Women’s Work

Re­sis­tance isn’t fu­tile, says jour­nal­ist and au­thor El­iz­a­beth Ren­zetti and why turn­ing 50 proved it

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Re­sis­tance isn’t fu­tile and why turn­ing 50 proves it

SO MUCH HAP­PENS when you turn 50. If you’re lucky, as I was, your friends will hire a Rolling Stones cover band to play at your birth­day party, and the band will blow its amp dur­ing the first song – “Jumpin’ Jack Flash” – and you will try not to take this as a metaphor for your life.

You will be­gin to no­tice body parts that had never once crossed your mind, let alone been the sub­ject of concern. “I don’t have el­bows any­more,” said a friend, equally mid­dle-aged. “I have hell­bows.” Your blad­der will shrink in com­pen­sa­tion for your bank ac­count grow­ing. You may look at Frances McDor­mand and won­der, “Would I also be a sil­ver fox if I stopped colouring my hair?”

Best of all, in my ex­pe­ri­ence at least, the self-doubt­ing voice in your head grows fainter, as if it’s a ra­dio sta­tion and you’ve driven out of its range. I have writ­ten an es­say about this evil in­ner critic, “The Voice in Your Head Is an Ass­hole,” and it ap­pears in my new es­say collection, Shrewed: A Wry and Closely Ob­served Look at the Lives of Women and Girls. I could not have writ­ten this book be­fore I turned 50 and the voice started to sput­ter and fade.

Un­less you’re ex­cep­tion­ally lucky or sturdy or per­haps are tak­ing very good med­i­ca­tion, you will rec­og­nize the voice I’m talk­ing about. It tells you, in a se­duc­tive purr, not to bother try­ing for that pro­mo­tion or that au­di­tion or that re­la­tion­ship be­cause you’re not wor­thy. It’s all been done be­fore and bet­ter. The voice is a scream in your teens, a roar in your 20s, a con­stant drone in your 30s, but by the time you hit 50, it be­comes a wee an­noy­ing buzz you can ig­nore. It’s a Mean Girl with dy­ing bat­ter­ies.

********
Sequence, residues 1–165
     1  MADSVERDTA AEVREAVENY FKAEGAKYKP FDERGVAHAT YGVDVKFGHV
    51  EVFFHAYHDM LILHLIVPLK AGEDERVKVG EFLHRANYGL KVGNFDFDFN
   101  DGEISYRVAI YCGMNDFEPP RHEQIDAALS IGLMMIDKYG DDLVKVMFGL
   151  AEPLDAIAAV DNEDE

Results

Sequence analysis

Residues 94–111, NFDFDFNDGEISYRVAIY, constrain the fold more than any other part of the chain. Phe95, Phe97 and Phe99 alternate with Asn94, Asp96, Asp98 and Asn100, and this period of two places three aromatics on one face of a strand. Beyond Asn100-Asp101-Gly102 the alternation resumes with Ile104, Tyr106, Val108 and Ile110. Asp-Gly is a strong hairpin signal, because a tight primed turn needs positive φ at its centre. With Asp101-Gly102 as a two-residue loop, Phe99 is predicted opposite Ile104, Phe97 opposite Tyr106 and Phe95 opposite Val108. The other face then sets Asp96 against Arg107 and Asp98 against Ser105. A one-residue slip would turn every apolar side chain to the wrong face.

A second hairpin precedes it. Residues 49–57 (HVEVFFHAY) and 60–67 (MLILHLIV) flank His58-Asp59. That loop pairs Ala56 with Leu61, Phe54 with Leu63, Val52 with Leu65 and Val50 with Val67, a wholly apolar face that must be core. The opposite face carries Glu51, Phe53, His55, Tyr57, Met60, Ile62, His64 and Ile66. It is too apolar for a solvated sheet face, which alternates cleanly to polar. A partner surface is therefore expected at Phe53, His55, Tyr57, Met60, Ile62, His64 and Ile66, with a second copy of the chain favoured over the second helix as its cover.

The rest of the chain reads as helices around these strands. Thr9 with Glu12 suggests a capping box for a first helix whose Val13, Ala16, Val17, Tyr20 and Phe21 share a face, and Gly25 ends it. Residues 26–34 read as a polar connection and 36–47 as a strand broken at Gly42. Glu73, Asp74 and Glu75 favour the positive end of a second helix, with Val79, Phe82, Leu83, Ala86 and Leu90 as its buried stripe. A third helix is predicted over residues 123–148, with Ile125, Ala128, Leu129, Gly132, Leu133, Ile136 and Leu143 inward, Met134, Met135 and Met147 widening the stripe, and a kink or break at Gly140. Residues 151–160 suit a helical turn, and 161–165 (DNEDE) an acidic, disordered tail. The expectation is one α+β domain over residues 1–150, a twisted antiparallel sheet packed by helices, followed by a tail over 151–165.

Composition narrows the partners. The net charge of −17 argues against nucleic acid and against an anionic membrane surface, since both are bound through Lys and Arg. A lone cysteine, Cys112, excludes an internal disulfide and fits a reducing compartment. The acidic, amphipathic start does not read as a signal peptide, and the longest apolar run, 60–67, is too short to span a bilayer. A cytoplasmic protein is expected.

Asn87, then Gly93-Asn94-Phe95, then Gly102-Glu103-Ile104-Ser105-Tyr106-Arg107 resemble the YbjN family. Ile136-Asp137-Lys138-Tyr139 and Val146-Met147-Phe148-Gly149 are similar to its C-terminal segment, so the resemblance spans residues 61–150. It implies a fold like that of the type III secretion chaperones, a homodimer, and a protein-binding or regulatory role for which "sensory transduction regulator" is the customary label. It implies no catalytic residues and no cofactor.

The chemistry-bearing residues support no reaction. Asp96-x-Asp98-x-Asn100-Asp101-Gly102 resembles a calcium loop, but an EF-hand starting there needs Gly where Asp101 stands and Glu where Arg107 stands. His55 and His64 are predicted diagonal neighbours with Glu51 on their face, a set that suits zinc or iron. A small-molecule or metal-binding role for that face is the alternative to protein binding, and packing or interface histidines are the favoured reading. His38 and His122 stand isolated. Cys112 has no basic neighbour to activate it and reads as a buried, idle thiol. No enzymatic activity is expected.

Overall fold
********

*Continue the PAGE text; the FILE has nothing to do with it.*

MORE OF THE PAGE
Fifty is when you re­al­ize that you are not ac­tu­ally in the mid­dle of life, un­less you have the longevity of a Gala­pa­gos tor­toise. The clock is tick­ing. It’s time to get things done, to ig­nore the in­ner critic and paint that pic­ture, change that job, run that marathon, pub­lish that book. An­nie Proulx re­leased her first novel, Post­cards, when she was 57; Frank McCourt pub­lished An­gela’s Ashes when he was 66. There is a great free­dom that comes with feel­ing that you have noth­ing left to lose, right around the time when the obituary page is start­ing to fill with the names of friends.

In my case, I wanted to write a collection of es­says about women’s lives be­cause I am a fem­i­nist who has been writ­ing about gen­der is­sues for all of my pro­fes­sional life and, at the end of 2016, I was in a state of shock. In Oc­to­ber of that year, I found my­self at a Don­ald Trump rally in Tampa, Fla., where I came across a lit­tle girl dressed as an im­pris­oned Hil­lary Clin­ton, com­plete with a rub­ber Hil­lary mask and a tiny striped in­mate’s cos­tume.